• Keep the focus on the patient. You’re there to help them, not the other way around. Talk to another friend or family member if you need a sounding board.
  • Avoid clichés or dismissive comments like “You’ll be fine” or “At least you got the ‘good’ cancer.” Of course you don’t want to be a source of doom and gloom, but minimizing the situation doesn’t make the patient feel any better.
  • Every case of cancer is different. Don’t bring up friends, family members or acquaintances and compare their situations.
  • Don’t ask for details about their cancer treatment such as blood test results or possible side effects. Let them share information if they like, but respect their personal boundaries.
  • Sometimes no words are necessary. Your loved one might want you to provide a sympathetic ear, or may prefer a period of silence. Be willing to graciously accommodate their wishes.

Personalized Cancer Treatment from Issels®

Your experience with cancer is unique, so your treatment should be also. Visit our website to learn more about cancer vaccines and other individually tailored and integrative immunotherapy for cancer treatments.

Taking Care of Yourself: Important Safety Reminders About Your Cancer-Compromised Immune System

Keep in Mind Your Immune System

When you’re undergoing cancer treatment, it demands the full attention of your immune system, leaving the door open for bacteria and other germs to sneak in. Use these food-handling tips to reduce the risk of disease and infection.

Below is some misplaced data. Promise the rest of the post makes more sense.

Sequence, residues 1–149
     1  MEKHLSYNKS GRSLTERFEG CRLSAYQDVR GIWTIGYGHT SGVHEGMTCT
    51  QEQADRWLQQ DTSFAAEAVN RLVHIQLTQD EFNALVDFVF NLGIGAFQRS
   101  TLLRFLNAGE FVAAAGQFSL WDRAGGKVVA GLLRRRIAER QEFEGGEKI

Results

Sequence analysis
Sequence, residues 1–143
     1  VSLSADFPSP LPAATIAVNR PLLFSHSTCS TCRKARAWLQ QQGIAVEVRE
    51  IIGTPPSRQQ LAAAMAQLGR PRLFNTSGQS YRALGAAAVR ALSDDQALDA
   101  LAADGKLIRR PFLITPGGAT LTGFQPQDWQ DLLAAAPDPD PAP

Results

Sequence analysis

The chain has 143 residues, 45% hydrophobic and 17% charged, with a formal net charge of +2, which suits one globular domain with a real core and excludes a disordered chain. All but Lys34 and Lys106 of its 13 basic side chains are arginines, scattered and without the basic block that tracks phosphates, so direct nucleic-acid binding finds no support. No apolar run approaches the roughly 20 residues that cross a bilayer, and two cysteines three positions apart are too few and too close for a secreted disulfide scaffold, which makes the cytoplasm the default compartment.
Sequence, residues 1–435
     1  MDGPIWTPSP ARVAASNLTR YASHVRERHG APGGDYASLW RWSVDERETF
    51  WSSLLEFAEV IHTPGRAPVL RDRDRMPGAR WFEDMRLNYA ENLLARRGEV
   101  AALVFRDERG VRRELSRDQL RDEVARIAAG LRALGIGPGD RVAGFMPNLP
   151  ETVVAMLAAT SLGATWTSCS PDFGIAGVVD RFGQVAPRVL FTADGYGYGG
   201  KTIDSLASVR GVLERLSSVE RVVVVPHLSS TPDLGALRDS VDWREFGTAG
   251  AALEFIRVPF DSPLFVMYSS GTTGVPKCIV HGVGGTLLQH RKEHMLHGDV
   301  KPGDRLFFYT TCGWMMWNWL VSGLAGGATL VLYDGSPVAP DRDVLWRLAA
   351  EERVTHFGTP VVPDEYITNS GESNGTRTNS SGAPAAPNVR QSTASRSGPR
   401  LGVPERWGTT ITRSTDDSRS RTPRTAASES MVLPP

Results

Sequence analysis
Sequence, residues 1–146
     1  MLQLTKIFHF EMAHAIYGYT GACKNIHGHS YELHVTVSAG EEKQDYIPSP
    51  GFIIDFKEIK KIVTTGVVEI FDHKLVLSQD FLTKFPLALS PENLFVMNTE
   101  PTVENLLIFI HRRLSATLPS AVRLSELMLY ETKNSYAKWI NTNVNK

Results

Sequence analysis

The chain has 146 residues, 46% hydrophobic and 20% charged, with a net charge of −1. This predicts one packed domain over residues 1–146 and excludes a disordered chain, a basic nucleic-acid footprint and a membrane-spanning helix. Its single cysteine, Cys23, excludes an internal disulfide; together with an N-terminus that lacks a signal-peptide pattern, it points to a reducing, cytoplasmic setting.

Food Preparation

  • Wash hands thoroughly with warm, soapy water before and after food prep and before eating.
  • Keep foods at the proper temperature. Hot foods should be above 140° F, while cold foods should be below 40° F.
  • Don’t thaw proteins at room temperature. Use a microwave or place them in the refrigerator with a pan to catch drips.
  • Defrosted foods should be used right away and never refrozen.
  • Don’t take chances. If any foods look, feel or smell strange, dispose of them immediately.
  • Wash produce under running water using a vegetable scrubber. Don’t use soaps, bleaches or other chemical cleaning products.

Cooking

  • Always use a clean spoon when tasting foods while cooking.
  • Don’t guess when cooking meat. Use a food thermometer for accuracy. Beef should be cooked to 160° F while poultry should be cooked to 180° F.
  • If your microwave doesn’t have a turntable, rotate the dish a quarter-turn a couple of times during cooking to ensure that food is evenly heated.
  • When reheating leftovers, cover food with a lid or plastic wrap and stir frequently.

Immunotherapy at Issels®: Personalized Non-Toxic Cancer Treatment